When my team and I visited Felix Jumbe, of Peacock Seeds, a hybrid seed grower in Salima, Malawi, in March this year, we were shocked by the destruction caused by the fall armyworm. Virtually every plant in every row of the 20 Ha hybrid section of the Peacock Seeds farm had been severely damaged.
Jumbe and his farm manager had sprayed the field four times with pesticides, but to no avail, triggering losses of Sh15 million ($150,000) on just that one 20-hectare field.
The scale of the damage in Malawi prompted AGRA to issue a call to action that has since drawn together scientists from across the agricultural sector. But the worm has continued to spread, now to Burundi, Rwanda, Uganda, Kenya, and most recently to Ethiopia and the Democratic Republic of Congo.
It has so far destroyed over 300,000 hectares of maize across Africa, which is the staple food to more than 200 million people in the region. Kenya’s Trans Nzoia County, considered the country’s food basket, has, alone, lost 103,876 hectares of maize, in destruction that is set to cause serious maize shortages ahead and comes hard on the heels of a drought-triggered shortfall.
Authorities have reported that in Rwanda, the pest has infested maize and sorghum crops across a full quarter of the country’s cropped land. The worm has similarly infested 90,000 hectares of maize in Zambia, 17,000 hectares in Malawi, 130,000 hectares in Zimbabwe, about 50,000 hectares of maize and millet in Namibia, over 40 per cent of the crops in Uganda, and over 20,000 hectares of maize in northern and south-eastern Tanzania.
The Centre for Agricultural and Biosciences International estimates the losses to Africa’s maize could cost the continent Sh300 billion ($3 billion) in the coming year.
Nor is maize the sole casualty. The fall armyworm feeds on more than 80 plant species, including rice, sorghum, sugarcane and vegetable crops. Little is known, however, about how it came to Africa.
Scientists suggest the insect may have arrived in imported food from America. Or it might have crossed the Atlantic in wind currents, with the wind borne adult moths capable of covering vast distances. But its subsequent spread has been ferocious. The worm was first reported in West Africa in January last year. It quickly spread to Central Africa, before reaching Zambia and spreading across all of southern Africa.
Farmers and governments have scrambled to respond. Ghana, for instance, declared a state of emergency as the worm swept through its crops. The Zambian government deployed its national air force to transport pesticides across the country for spraying. Likewise, Rwandan soldiers have been diverted to spraying fields. But the impact has been limited, often because the treatment has been applied too late in the worm’s life cycle.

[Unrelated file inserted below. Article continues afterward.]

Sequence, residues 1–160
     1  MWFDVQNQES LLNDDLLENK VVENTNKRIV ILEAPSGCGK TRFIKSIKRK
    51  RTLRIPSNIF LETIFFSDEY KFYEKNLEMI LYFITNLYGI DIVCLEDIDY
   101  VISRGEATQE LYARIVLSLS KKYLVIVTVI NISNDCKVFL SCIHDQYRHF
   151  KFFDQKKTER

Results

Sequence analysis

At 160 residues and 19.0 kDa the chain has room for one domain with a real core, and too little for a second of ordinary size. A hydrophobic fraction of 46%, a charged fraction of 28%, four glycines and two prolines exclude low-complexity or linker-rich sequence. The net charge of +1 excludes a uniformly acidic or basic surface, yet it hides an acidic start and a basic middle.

There is hope a biological agent could help in future. Lancaster University professor Kenneth Wilson found a virus that killed the loosely related African armyworm. Replicating the same virus in the fall armyworm could create a viable pesticide against the insect.
Lessons can also be drawn from Brazil, which has grappled with the worm for decades, even as the pest has developed resistance to a growing range of pesticides. The country spends some $600 million a year in the battle, but has benefited from the worm’s vulnerability to freezing temperatures, meaning that turning soils in the cold season can kill the pupae and lavae between harvests.
In Africa, cold is not a ready tool, with rising temperature levels further fueling the worm’s spread. Curbing the damage ahead, therefore, requires concerted action, in which the farmer is placed at the heart of the fight.
It is vital to generate a massive awareness campaign to educate farmers on early detection signs, so that infestations are tackled early and at speed. To be effective, farmers also need to know exactly what they need to do — which pesticides are effective, and how they need to be applied. They also need to access supplies, and may require support in applying control measures rapidly enough.
Enabling our agricultural communities with quick and coordinated responses is now essential, to ensure the continent stays ahead of the plague.
African governments are urgently identifying capacity and building strategic alliances with key stakeholders in the agricultural sector to achieve both short and long-term action plans to address this pest.
This drive offers the hope, over time, of delivering an integrated management strategy that can save Africa’s agricultural sector, which feeds the continent and is key to Africa’s economic transformation.
Other parts of Africa can draw lessons from southern Africa. Despite major infestation by the worm, the region has recorded bumper harvests this season. Although this greatly attributed to increased acreage under cultivation and higher use of improved seed varieties and fertiliser as a response to the devastating drought, this may also point to greater resilience against the worm.
Such lessons and more need to be distilled quickly and applied elsewhere on the continent.
We cannot allow the fall armyworm to wipe out all the gains made in the agricultural sector. That makes the fall armyworm an issue too urgent to ignore, and a challenge that now needs to be on every agenda.